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by Archaeology Newsroom

Magic and Visual Culture in Late Antiquity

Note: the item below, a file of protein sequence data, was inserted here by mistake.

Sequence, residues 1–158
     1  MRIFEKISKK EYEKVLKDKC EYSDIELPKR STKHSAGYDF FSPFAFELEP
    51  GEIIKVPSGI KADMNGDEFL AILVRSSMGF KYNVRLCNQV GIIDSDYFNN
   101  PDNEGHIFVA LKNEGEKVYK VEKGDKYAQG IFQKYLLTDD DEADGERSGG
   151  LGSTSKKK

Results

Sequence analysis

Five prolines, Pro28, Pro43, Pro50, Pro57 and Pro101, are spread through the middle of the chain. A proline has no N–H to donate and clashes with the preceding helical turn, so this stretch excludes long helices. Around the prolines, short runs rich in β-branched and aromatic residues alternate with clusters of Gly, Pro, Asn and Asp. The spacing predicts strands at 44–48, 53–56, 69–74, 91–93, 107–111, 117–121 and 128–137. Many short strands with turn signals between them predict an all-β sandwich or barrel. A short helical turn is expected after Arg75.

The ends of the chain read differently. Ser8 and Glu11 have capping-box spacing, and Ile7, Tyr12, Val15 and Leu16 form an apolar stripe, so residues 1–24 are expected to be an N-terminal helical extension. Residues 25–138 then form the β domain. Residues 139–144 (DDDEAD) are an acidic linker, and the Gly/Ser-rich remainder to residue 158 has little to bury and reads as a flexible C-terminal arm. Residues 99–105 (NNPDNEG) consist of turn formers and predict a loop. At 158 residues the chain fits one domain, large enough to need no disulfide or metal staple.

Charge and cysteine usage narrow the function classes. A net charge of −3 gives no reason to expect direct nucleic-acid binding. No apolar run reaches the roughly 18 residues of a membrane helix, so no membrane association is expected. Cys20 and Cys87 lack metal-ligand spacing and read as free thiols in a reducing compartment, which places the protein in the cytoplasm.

Some hundreds of late-antique and early Christian magical amulets survive from the eastern Mediterranean. Like the magical papyri, with which they are roughly contemporary, they draw on a common fund of Egyptian gods and Hebrew angels. For the most part, these amulets are apotro-paicand therapeutic in function. The particular focus of this article is on amulets in various shapes and media, including semi-precious stones (e.g. hematite, which was considered especially powerful), copper-alloy, silver glass, etc. The various amulet types are also surveyed: rings, pendants, armbands, house lintels, etc. The diverse magical and religious inscriptions, biblical vignettes and other incised designs (e.g., the Holy rider, the Evil Eye are briefly explored. A large number of narrative images is shown to derive from the Old and New Testaments, although according to the author other scenes originated from the locus sanctus iconography ot pilgrimage “souvenirs” from the Holly Land. In general, the users of these amulets clearly believed that the very names and images incised on them -and even sometimes their particular medium- had magical potency.